Quotations for key foreign currencies in terms of the Canadian dollar. Quotations are nominal, for information purposes only.Canadian dollar value on Wednesday, the previous day, three-months and one-year: Currency Wed Tue 3 months Year U.S. dollar 1.2264 1.2371 1.3461 1.2847 British Pound 1.6008 1.6094 1.7354 1.7248 Japanese Yen 0.0113 0.0114 0.0123 0.0126 Euro in U.S. 1.1928 1.1909 1.1270 1.1246 Euro in Cdn 1.4628 1.4733 1.5170 1.4448Quotations provided by the Bank of Canada
Another former PSD officer was freed from the case by the Panadura High Court. The former PSD officers were attached to the security staff of former President Chandrika Kumaratunga. The former PSD members were charged with unlawful assembly, organizing, intimidating and robbing the property worth of Rs. 3.6 million from the house of Rookantha Goonatillake. The Panadura High Court today sentenced to jail 10 former Presidential Security Division (PSD) officers over their involvement in the harassment of popular singers Rukantha Gunatillaka and Chandralekha Perera several years ago.The 10 former PSD officers were given 4 1/2 year jail terms and were also ordered to pay compensation to the victims. The musician’s wife Chandralekha Perera was also harassed. The incident took place in the year 2000 during the presidency of Chandrika Kumaratunga.Fearing for their lives, Rookantha Goonatillake and his family left the country following the incident and lived in the United States. (Colombo Gazette)
A local passenger who had attempted to smuggle over Rs 9 million worth of wallapatta (Gyrinops Walla) was arrested at the Bandaranaike International Airport (BIA) today.The customs department said that the 43 year old man was arrested at the departure lounge of the airport with 23.3 kg of wallapatta chips valued at Rs. 9.3 Million. He had attempted to take the stock to the United Arab Emirates when he was arrested. Investigations are being carried out by the Deputy Director of Customs Mihira Piyaratnaand his team.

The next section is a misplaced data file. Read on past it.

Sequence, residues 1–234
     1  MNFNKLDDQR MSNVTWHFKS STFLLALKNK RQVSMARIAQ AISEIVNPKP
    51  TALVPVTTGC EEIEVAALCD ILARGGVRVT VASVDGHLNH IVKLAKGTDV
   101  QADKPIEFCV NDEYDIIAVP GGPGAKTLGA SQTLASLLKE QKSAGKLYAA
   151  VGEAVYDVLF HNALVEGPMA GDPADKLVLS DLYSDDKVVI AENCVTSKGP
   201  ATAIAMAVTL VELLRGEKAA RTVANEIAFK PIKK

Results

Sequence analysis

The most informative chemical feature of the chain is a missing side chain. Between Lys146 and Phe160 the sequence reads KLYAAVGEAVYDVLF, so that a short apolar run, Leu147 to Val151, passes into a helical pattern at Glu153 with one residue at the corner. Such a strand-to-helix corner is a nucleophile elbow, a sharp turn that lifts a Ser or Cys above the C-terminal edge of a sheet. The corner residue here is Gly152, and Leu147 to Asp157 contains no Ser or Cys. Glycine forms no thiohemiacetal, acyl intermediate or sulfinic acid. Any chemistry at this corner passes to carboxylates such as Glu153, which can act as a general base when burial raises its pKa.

Singapore’s Minister for Trade and Industry (Industry) S Iswaran is to visit Sri Lanka to strengthen bilateral relations and open up business opportunities for Singapore companies in the fast-growing market, Channel News Asia reported today.Iswaran will visit Colombo and Trincomalee today to Thursday, the Singapore Ministry of Trade and Industry (MTI) said. Sri Lanka was Singapore’s 39th largest trading partner in 2015, with bilateral trade amounting to S$2.05 billion. Foreign direct investment from Singapore to Sri Lanka amounted to S$656 million as of 2014, MTI said. (Colombo Gazette) While in Colombo, he will attend the Sri Lanka-Singapore Business Forum with Minister for Development Strategies and International Trade, Malik Samarawickrama on Jun 1. Iswaran will also call on Prime Minister Ranil Wickremesinghe, Minister for Industry and Commerce Rishad Bathuideen, and Minister of Megapolis and Western Development Champika Ranawaka. On Jun 2, Iswaran will travel to Trincomalee where he will visit Singapore subsidiary Prima Ceylon Flour Mill Complex, the largest integrated flour milling complex in Sri Lanka. He will also call on Chief Minister of the Eastern Province Ahamed Nazeer.A business delegation of 28 Singapore companies, led by International Enterprise (IE) Singapore and the Singapore Business Federation (SBF), will also be in Colombo to explore business opportunities there.